rb-green-teamAlan Placer, left, and Andres Simonson are two of the faces behind Red Bank’s effort to reduce adverse impacts on the natural environment.


Before it even meets for the first time, Red Bank’s newest subcommittee has already chipped away at its goal.

Made up of volunteer residents, business owners and local officials, the Environmental Commission‘s Green Team was formed a couple months ago in a quest to have Red Bank join dozens of other towns in the state working toward the environmentally friendly, incentive-based municipal certification program Sustainable Jersey.

When it holds its first meeting next month, the Green Team plans to set the wheels in motion to earn the certification by June, said member Andres Simonson, who is also the Environmental Commission chairman.

Simonson says getting certified by the summer isn’t such a lofty goal, considering the borough already has many of the program’s requirements in place. A town must earn 100 points to receive the certification, which in turn opens opportunities for grant money and other help from the state, not to mention the obvious benefits of reducing the borough government’s operating costs.

“We’re probably close to 100 points already,” Simonson said, pointing out that the Environmental Commission’s participation in borough events and Red Bank’s various recycling programs qualify for points.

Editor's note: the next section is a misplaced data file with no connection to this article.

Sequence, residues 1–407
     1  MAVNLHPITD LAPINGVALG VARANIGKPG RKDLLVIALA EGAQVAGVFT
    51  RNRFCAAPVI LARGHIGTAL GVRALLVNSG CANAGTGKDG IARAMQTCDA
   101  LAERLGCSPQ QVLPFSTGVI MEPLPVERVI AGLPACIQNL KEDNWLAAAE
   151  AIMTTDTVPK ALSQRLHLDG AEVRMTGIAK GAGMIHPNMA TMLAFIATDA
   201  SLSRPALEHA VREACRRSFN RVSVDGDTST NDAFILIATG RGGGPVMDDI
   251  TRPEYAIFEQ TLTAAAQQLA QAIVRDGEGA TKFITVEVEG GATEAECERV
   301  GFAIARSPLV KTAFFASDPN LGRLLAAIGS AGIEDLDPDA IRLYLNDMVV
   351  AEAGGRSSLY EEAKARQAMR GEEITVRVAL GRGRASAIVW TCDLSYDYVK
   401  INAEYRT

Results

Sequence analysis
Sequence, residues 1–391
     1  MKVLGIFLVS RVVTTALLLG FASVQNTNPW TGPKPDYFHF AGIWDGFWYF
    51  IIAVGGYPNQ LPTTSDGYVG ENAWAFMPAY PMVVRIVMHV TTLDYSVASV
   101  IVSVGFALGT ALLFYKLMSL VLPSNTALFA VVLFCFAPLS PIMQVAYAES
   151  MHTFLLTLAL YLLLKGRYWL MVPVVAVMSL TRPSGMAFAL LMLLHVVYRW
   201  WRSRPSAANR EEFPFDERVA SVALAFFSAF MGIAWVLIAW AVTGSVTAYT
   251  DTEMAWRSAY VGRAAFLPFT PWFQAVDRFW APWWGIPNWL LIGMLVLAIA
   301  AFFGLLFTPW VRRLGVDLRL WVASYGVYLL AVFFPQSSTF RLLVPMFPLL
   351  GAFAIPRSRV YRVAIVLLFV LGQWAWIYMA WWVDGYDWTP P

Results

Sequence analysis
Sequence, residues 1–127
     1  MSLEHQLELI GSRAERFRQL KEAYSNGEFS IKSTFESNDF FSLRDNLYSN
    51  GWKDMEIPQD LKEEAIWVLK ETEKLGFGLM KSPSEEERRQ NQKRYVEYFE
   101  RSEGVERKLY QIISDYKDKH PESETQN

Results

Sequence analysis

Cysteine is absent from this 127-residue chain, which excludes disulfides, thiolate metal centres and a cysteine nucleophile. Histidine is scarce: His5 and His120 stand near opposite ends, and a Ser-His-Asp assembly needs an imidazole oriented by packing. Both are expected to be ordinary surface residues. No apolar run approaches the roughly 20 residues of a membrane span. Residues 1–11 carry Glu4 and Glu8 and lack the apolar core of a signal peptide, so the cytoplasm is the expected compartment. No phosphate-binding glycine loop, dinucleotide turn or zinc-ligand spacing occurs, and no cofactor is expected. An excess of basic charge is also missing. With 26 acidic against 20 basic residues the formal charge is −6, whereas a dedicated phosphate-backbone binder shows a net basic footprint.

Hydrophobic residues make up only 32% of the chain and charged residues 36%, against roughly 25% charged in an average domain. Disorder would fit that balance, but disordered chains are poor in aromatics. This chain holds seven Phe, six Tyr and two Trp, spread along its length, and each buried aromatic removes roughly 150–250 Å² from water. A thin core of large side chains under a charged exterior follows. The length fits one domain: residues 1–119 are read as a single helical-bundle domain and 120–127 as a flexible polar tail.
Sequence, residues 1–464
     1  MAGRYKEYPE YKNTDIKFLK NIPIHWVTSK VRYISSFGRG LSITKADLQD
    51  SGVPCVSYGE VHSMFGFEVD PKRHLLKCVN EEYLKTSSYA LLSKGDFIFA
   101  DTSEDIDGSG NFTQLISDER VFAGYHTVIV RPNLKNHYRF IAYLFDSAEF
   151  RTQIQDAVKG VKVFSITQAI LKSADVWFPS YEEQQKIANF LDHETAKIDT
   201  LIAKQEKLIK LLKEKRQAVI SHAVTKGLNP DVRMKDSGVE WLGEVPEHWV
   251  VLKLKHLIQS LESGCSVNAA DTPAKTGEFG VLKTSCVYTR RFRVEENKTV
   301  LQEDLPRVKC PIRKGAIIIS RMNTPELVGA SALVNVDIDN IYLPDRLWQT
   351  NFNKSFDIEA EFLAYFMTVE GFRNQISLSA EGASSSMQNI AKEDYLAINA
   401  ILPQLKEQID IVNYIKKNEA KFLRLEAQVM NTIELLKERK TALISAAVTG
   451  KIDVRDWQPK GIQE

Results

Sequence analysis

But the team’s objective, Simonson said, is to go well beyond the initial certification and make Red Bank an all-around more sustainable community, from an economic, environmental and social standpoint.

“You want to have those three houses in order,” he said. “The Green Team is heavily involved in the environmental aspect, but we have some people who are on top of the other aspects.”

They include Nancy Adams, executive director of downtown promotional agency RiverCenter, and assistant borough administrator Gary Watson, to provide their perspective on those other components. Along with Simonson, who works as an environmental consultant, there’s Alan Placer, who knows a thing or two about using alternative energy to lower — or even eliminate — operating costs.  The co-owner of Hobbymasters doesn’t pay an electric bill thanks to the 100+ solar panels he’s got on the roof of his White Street shop.

In his opinion, the formation of the team is a step toward a cleaner, cheaper future for Red Bank, and modeling borough hall after Hobbymasters could be a start.

“There’s no reason that any borough roof couldn’t do the same,” said Placer, who lives in Fair Haven.

The trick to making any of the subcommittee’s ideas work is to have the support of the public and the governing body, Simonson said.

“We have to sell to the council,” he said. “We have to show that (our ideas) are a net economic gain off their bottom line.”

Simonson said as time goes on, the powers behind Sustainable Jersey will continue to raise the bar for communities to achieve new goals. And Red Bank’s Green Team will chase those goals for as long as it can, he said, in hopes that eventually there will be a new, all-encompassing sustainable culture in town.

He reverted back to the environmental, social and economic aspects to describe that long-term vision.

“It’s not going to happen overnight. Once you achieve those three pillars, you’re on your way to being sustainable,” he said.

The Green Team’s first meeting will be held at 7p January 12 in the council chambers at borough hall.